(CN) - The Nebraska Supreme Court dismissed a lawsuit accusing a member of the Omaha City Council of violating election rules by using his office as the backdrop for a political commercial.
The Nebraska Political Accountability and Disclosure Act bars a government official from using "property under his or her official care and control for the purpose of campaigning."
City councilman James D. Vokal used his office to film a 7-second segment of a 30-second political advertisement for his re-election campaign.
The director of the opposing political party filed a complaint with the Nebraska Political Accountability and Disclosure Commission, which found Vokal in violation of the Act and fined him $100.
The district court reversed the commission's decision, concluding that Vokal's conduct had to cost taxpayers in order to violate the Act.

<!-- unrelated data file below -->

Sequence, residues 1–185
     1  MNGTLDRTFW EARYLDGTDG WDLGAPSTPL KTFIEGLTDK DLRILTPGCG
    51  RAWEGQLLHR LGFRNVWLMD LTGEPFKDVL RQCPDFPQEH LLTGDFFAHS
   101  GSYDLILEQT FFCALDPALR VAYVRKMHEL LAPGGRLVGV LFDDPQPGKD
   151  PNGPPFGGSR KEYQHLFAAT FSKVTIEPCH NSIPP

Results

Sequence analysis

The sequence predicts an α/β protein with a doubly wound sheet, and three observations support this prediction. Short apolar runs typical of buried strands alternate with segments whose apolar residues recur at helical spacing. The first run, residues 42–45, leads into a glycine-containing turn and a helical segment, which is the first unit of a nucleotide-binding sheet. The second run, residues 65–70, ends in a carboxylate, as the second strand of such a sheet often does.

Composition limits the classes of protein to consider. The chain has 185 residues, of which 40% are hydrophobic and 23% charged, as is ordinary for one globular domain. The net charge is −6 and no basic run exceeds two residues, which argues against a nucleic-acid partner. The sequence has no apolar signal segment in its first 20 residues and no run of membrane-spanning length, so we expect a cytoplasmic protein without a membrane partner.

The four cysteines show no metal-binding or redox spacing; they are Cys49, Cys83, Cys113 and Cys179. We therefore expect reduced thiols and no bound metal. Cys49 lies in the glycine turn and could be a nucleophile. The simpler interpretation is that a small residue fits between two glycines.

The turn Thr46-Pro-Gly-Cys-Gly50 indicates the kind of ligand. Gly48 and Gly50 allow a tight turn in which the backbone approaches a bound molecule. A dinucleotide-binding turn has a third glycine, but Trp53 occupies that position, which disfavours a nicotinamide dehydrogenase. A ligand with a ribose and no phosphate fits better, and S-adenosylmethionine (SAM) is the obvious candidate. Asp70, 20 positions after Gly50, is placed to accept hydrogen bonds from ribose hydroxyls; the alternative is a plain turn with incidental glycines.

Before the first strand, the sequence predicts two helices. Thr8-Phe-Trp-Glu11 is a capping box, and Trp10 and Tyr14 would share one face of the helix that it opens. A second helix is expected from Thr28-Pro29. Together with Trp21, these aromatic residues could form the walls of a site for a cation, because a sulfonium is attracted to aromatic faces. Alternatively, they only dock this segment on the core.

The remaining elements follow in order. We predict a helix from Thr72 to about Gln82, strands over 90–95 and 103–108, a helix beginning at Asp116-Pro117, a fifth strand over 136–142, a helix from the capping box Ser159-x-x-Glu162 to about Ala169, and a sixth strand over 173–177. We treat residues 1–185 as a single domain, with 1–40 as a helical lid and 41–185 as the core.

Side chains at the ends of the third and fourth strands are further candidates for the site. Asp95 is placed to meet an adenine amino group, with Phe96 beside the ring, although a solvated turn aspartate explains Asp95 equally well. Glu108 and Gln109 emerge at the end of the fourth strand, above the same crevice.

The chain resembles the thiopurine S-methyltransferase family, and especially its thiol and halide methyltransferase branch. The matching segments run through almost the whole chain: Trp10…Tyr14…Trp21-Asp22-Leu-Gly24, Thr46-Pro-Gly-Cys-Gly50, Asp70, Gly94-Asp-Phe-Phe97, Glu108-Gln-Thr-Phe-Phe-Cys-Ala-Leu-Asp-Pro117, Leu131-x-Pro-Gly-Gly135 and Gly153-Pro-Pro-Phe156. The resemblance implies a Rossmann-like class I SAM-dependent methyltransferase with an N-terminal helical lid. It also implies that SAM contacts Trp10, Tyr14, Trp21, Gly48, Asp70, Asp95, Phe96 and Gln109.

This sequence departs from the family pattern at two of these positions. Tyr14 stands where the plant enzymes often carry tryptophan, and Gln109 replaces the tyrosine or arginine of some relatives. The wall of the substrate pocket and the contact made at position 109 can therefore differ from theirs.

The state high court agreed that the commission had liberally defined the "use" of official property.
"We question, even under the strict dictionary definition of 'use,' whether the mere fact that items under official control that are present in the background as 'props' in an advertisement can be considered as a deployment or consumption of the items," Justice McCormack wrote.
The court held that Vokal had not violated the Act.
Subscribe to Closing Arguments
Sign up for new weekly newsletter Closing Arguments to get the latest about ongoing trials, major litigation and hot cases and rulings in courthouses around the U.S. and the world.